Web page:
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[Global Future Dialogue ⑦: A Conversation with Digital Minister Audrey Tang] Digital innovation in the COVID-19 era

Sul-Mi Park (SD)

2020.11.27

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The coronavirus pandemic has accelerated digital transformation, and the oil of the digital economy, data, has come under the spotlight once again. The unprecedented situation tested governments, and their ability to share and utilize data determined whether their responses were successful or not. Taiwan is regarded as a stellar example of a successful response to the COVID-19 pandemic with its innovative use of data. At the heart of their successful response was Digital Minister Audrey Tang. She was the driving force behind the implementation of a real-time mask inventory app and the mask rationing system.

Against this backdrop, Yeosijae invited Minister Tang to speak with us about Taiwan’s responses to the pandemic and digital innovation in the COVID-19 era as part of our seventh Global Future Dialogue seminar. As a junior high school dropout and a genius programmer with an IQ of 180, Minister Tang garnered global attention with her unique background when she became the youngest minister in Taiwanese history. Since taking office, she has implemented many innovative policies, including the Social Innovation Lab.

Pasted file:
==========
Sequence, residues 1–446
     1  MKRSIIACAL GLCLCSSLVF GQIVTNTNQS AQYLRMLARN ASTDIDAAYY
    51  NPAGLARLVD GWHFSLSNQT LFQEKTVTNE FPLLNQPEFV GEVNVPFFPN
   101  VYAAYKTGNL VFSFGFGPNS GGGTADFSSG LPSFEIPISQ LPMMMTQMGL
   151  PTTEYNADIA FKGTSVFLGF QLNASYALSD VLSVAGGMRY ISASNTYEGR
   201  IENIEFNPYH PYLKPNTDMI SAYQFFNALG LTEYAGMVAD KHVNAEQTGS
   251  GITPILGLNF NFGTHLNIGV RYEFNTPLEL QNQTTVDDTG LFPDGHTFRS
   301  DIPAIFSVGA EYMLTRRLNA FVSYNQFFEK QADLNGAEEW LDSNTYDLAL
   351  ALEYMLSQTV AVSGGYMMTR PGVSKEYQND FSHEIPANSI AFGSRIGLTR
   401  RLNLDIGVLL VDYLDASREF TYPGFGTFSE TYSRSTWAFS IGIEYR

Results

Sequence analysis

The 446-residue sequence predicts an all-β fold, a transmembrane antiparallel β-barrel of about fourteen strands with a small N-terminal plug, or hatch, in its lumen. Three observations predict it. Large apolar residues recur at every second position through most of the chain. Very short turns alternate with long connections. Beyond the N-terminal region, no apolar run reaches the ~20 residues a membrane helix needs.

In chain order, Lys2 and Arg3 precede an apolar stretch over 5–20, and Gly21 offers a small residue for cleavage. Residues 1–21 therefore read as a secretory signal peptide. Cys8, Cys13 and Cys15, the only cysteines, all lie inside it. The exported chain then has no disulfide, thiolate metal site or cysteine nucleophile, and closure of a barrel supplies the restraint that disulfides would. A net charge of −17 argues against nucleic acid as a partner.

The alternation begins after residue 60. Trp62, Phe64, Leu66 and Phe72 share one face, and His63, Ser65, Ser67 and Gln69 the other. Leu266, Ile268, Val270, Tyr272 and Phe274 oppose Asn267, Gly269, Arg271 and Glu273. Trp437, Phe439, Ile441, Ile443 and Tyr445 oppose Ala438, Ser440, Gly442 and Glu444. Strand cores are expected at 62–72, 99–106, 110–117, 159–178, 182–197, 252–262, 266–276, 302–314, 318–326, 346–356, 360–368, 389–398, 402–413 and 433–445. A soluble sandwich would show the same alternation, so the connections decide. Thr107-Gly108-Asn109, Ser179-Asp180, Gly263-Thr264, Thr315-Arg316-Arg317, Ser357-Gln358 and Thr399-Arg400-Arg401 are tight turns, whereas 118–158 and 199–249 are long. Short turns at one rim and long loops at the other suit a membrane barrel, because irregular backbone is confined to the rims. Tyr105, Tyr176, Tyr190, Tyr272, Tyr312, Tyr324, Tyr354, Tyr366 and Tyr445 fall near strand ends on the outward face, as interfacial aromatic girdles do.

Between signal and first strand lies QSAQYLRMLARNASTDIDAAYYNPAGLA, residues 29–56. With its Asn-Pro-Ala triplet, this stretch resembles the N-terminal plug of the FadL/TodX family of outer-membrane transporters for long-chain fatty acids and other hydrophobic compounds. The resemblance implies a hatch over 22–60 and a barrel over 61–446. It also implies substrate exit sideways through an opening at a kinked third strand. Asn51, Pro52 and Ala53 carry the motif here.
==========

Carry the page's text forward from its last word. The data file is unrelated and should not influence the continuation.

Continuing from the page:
The seminar was conducted through Zoom and was moderated by Professor Tae-Wook Heo of the Department of Public Administration at Gyeongsang National University. A summary of the event is provided below.

Social Innovation and “Co-creation”
Taiwan’s Response to COVID-19: Fast, Fair, Fun

During the keynote speech, Minister Tang highlighted the concept of “co-creation” as the key to Taiwan’s digital social innovation. She said, “Social innovation in Taiwan means everyone’s business, everyone helps,” and emphasized that in Taiwan, different stakeholders work together as “co-creators” to “co-create” social innovation.